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Eliminating Morality from Food Choices

By: Liz Marino, RD, LD, CSSD, Regional Nutrition Manager for The Renfrew Center

Posted on July 15, 2019

The problem with associating food choices and character is that it implies your character is contingent on what you eat… and it's not.

Your worth is not hinged on what you eat. You are not better because you don't eat chocolate, and you are not bad if you enjoy chocolate. Let's stop tying our morality to food choices.

This change starts by first turning inward. We can begin by eating unapologetically; ending comments like "I'm so bad for eating this," or "I've been really good today." Choose foods you like, that make you feel physically good, and that are satisfying in portions that honor your hunger and respect your fullness.

We can begin by talking about more substantial things than diets, weight and image. Let's engage in conversation about ideas, goals, challenges, things you want to learn more about, and interests you have to share! It's much more exciting and you'll build stronger, more meaningful relationships in the process.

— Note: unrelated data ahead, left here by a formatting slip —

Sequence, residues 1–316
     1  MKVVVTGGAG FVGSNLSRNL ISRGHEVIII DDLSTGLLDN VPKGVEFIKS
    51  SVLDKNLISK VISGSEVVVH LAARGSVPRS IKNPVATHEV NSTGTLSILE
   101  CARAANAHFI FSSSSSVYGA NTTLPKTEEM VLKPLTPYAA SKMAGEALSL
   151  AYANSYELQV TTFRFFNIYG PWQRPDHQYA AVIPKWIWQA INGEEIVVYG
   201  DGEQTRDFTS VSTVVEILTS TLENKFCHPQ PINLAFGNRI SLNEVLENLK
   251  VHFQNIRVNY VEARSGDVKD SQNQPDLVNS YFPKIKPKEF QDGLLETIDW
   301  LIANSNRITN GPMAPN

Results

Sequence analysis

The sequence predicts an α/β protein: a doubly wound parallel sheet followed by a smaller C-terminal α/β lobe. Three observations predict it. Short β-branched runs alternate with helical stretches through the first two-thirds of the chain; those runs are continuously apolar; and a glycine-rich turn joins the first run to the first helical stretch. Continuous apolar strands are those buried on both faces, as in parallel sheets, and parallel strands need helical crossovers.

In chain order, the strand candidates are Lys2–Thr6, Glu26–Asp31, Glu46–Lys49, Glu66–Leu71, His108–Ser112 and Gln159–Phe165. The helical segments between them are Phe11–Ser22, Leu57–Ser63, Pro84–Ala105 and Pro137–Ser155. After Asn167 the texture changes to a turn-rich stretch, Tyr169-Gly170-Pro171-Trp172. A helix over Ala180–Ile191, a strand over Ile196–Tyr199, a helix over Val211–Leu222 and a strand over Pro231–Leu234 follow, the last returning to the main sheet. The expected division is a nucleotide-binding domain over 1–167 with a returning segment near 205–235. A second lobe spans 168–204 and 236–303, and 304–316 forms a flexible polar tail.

Liz Marino, RD, LD, CSSD, is the Regional Nutrition Manager for The Renfrew Center and a Certified Specialist in Sports Dietetics. She received her Bachelor's degree in Nutrition and Dietetics from the University of Akron, OH, completing her Honors Thesis on "Exercise Preference and its Relation to Mindful Eating." Prior to joining Renfrew, Ms. Marino worked in the University of Toledo's Athletic Department, the Cleveland Center for Eating Disorders and served as the Research Assistant to Dr. Eleni Lantzouni at the Akron Children's Hospital who published on "Predictors and Incidence of Disordered Eating in Adolescents with DM-I." Ms. Marino is a member of the Pittsburgh Academy of Dietetics and iaedp.
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